Just one example of innovation from the Native health system
Mark Trahant / TrahantReports
In the news business, this would be a man bites dog story. That’s the idea that a narrative framework is the opposite of what’s supposed to be. The usual story is that Indian health programs are a disaster and only getting worse. But in the real world if you want to find innovation, efficiency, and ideas that must be borrowed by state governments, then explore some of the many successes found in the Indian health system.
Of course that’s not what we are reading about lately. Most of the news stories about Native health focus on the serious problems in the Great Plains. That indeed is a crisis — and one worth fixing.
But at the same time there are other parts of the Indian health system that are unbelievable success stories.
Consider the data: Just before the Indian Health Care Improvement Act was signed into law in 1976 the average age at death for American Indians and Alaska Natives was 48.3 years. The age at death for White people was 72.3 years. And today? That 20-plus-year difference has been reduced to a gap of less than five years. Today the life expectancy at birth for American Indians and Alaska Natives is 72.3 years, compared to 76.9 for all races.
And that steady progress, imperfect as it is, has been made without the same resources as the general population. Doing more with less is part of the operating framework at tribal health facilities, nonprofits that operate health clinics for a Native community, and, even for the federal Indian Health Service.
The story that still needs to be told is that the U.S. medical system could learn a lot from the Indian health system. The U.S. system is the most expensive in the world, by far, while the Indian health system operates at levels comparable to what other nations spend on health care. Could Indian health use more resources? Absolutely. That’s the frustrating part of the narrative; it’s the option that Congress never seems to consider. (Previous: Paul Ryan’s call for Indian health ‘choices’ would be a disaster.)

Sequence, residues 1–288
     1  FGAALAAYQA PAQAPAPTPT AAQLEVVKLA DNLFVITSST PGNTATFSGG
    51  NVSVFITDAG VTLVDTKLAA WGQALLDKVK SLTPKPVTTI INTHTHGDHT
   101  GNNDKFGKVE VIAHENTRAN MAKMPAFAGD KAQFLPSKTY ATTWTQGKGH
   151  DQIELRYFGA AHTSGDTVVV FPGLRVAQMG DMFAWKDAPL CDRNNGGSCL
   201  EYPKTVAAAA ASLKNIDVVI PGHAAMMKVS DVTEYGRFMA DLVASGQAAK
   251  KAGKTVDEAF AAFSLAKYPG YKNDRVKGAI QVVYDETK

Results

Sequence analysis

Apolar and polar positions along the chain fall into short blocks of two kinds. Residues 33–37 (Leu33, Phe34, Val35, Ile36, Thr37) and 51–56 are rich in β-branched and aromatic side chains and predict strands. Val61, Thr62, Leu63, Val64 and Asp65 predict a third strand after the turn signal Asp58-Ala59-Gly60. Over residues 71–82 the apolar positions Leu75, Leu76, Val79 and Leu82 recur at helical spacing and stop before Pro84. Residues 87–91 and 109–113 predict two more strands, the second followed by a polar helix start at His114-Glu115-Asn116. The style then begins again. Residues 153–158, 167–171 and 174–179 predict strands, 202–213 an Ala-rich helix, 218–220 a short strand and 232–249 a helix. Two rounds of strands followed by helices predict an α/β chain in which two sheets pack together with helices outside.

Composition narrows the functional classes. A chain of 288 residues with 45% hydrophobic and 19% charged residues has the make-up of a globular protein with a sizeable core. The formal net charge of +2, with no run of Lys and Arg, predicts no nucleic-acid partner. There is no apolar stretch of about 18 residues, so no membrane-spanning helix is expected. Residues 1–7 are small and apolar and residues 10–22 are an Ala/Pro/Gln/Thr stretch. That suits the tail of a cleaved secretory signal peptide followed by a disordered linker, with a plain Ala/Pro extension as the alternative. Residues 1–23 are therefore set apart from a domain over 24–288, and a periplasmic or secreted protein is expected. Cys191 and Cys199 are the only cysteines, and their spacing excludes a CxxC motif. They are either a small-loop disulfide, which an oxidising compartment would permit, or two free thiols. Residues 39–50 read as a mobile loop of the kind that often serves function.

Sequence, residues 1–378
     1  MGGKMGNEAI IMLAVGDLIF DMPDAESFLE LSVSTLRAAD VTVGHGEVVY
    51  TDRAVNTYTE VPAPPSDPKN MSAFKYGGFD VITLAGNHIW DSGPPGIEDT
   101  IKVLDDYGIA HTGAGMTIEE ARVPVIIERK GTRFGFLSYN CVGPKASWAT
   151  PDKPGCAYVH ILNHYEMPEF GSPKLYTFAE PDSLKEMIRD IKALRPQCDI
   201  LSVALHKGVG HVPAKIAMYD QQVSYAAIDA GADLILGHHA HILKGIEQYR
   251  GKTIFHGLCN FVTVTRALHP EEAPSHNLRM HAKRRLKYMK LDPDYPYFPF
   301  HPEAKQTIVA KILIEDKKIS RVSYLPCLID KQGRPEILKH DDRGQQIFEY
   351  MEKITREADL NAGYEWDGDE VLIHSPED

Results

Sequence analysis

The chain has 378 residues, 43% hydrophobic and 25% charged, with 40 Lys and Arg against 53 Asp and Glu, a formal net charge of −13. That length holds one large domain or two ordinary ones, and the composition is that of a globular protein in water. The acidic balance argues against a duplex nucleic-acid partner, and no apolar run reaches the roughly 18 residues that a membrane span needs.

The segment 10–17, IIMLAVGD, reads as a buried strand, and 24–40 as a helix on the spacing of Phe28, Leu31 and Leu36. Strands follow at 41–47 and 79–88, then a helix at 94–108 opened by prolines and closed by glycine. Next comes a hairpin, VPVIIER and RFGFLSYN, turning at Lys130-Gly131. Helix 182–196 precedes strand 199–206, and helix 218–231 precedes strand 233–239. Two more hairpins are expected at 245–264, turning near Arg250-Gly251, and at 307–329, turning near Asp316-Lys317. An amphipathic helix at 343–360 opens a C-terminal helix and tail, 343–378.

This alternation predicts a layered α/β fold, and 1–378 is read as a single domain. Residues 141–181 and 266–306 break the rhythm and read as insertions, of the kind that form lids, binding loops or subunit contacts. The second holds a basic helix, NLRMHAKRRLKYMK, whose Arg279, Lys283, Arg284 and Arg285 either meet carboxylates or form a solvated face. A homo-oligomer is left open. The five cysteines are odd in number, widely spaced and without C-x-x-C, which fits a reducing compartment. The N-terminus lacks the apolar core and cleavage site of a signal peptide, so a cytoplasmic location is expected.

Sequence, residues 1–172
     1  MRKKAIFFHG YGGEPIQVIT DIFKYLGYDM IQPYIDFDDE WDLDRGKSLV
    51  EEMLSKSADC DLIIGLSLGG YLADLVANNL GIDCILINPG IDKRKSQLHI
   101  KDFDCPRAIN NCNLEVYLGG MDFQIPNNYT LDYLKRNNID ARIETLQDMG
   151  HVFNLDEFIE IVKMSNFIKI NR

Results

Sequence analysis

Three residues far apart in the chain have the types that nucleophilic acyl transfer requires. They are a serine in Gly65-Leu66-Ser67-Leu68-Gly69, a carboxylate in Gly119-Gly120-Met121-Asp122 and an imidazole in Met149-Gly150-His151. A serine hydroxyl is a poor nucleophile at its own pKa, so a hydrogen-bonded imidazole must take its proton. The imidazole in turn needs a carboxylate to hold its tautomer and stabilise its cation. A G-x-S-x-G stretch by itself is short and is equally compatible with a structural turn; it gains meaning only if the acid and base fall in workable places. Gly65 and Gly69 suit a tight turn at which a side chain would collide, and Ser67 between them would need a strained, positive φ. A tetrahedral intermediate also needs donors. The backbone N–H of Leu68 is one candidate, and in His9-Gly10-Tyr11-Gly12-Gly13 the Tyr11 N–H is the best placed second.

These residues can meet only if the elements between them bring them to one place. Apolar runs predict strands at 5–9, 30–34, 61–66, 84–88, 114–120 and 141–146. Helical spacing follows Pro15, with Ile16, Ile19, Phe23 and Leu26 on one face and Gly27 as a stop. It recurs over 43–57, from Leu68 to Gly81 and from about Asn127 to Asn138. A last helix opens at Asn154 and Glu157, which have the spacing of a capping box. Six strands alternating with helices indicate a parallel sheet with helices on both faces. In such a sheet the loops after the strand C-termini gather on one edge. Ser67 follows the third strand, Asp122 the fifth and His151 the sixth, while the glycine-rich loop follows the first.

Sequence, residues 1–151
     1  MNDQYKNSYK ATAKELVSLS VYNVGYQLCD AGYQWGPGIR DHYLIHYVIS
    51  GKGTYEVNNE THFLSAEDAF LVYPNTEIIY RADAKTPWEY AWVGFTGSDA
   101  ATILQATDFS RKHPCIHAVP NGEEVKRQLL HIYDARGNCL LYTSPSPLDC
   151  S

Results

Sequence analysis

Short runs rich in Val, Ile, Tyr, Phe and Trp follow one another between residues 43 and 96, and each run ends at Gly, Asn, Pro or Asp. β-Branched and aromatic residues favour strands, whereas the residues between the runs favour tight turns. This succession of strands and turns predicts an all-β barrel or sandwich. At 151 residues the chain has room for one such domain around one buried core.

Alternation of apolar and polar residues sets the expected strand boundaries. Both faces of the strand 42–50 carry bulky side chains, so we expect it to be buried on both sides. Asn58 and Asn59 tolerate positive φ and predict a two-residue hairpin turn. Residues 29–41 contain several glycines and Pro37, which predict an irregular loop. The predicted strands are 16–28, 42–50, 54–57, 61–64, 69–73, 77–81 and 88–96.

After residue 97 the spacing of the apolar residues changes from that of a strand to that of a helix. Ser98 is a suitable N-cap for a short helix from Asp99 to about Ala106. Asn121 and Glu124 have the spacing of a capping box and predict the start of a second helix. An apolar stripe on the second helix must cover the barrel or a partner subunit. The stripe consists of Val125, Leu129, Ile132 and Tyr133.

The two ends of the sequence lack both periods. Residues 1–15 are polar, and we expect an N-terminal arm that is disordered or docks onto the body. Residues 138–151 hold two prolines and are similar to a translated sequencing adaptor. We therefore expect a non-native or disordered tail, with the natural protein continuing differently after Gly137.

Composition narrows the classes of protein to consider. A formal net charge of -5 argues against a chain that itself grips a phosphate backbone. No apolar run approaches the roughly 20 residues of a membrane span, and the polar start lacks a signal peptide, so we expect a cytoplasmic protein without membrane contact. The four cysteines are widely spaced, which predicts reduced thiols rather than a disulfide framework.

So with that context let’s celebrate a success story with roots from the Alaska Native medical experience.
Last week Vermont Gov. Peter Shumlin signed into law a bill that licenses dental therapy in Vermont. Therapists are midlevel providers who will provide dental procedures such as fillings and simple extractions. “This is important because there’s a direct connection between oral health and overall health,” the governor said. “Having dental therapists available to work with dentists and hygienists will make it easier for Vermonters to get the care they need, closer to home and no matter what type of insurance they have.”
More than a decade ago the Alaska Native Tribal Health Consortium experimented with a program to train midlevel oral health providers. It was a community-based program to serve a need because too few dentists were practicing in remote Alaska Native villages.
Almost immediately this was an “aha!” moment as other communities saw this as a smart way to expand dental access. Dental therapy students were hired and trained right out of high school and then were put right to work.
But the innovation was followed by a fight. The American Dental Association sued trying to stop this program, saying that the midlevel providers were practicing dentistry without a license. The Alaska Native Tribal Health Consortium fought back and won, using the Indian Self-Determination Act and the Indian Health Care Improvement Act to trump the state’s licensing regulations.
The data today is clear. The program has been spectacularly successful providing routine dental care to some 40,000 patients every year. As the Pew Charitable Trusts wrote: “Evidence is growing that expanding the dental team to include midlevel providers, often called dental therapists, helps dentists build their businesses while increasing access to high-quality, cost-effective care. A 2014 report from the Minnesota Board of Dentistry and Department of Health evaluated the impact of these providers and found that they expand access to care for vulnerable populations and improve the efficiency of clinics and dental offices.”
Across the country, both in Indian Country, and now in states, the idea of a midlevel dental practice is expanding.
Last summer at the National Congress of American Indians, Brian Cladosby, Chairman of the Swinomish Indian Tribal Community, and president of NCAI, said the tribe would expand dental health therapy using its own sovereign regulatory structure. In recent months tribes in Oregon began their own pilot program to train dental therapists.
This innovation is the future. It expands dental care as well as opportunity for young people who want a career in dental health. It’s important to tell the story and its roots with the Alaska Native Tribal Health Consortium.
Supreme Court Justice Louis Brandeis once called states “the laboratories of democracy.” Tribes, and intertribal organizations, then, might be first test labs.
Mark Trahant is the Charles R. Johnson Endowed Professor of Journalism at the University of North Dakota. He is an independent journalist and a member of The Shoshone-Bannock Tribes. On Twitter @TrahantReports
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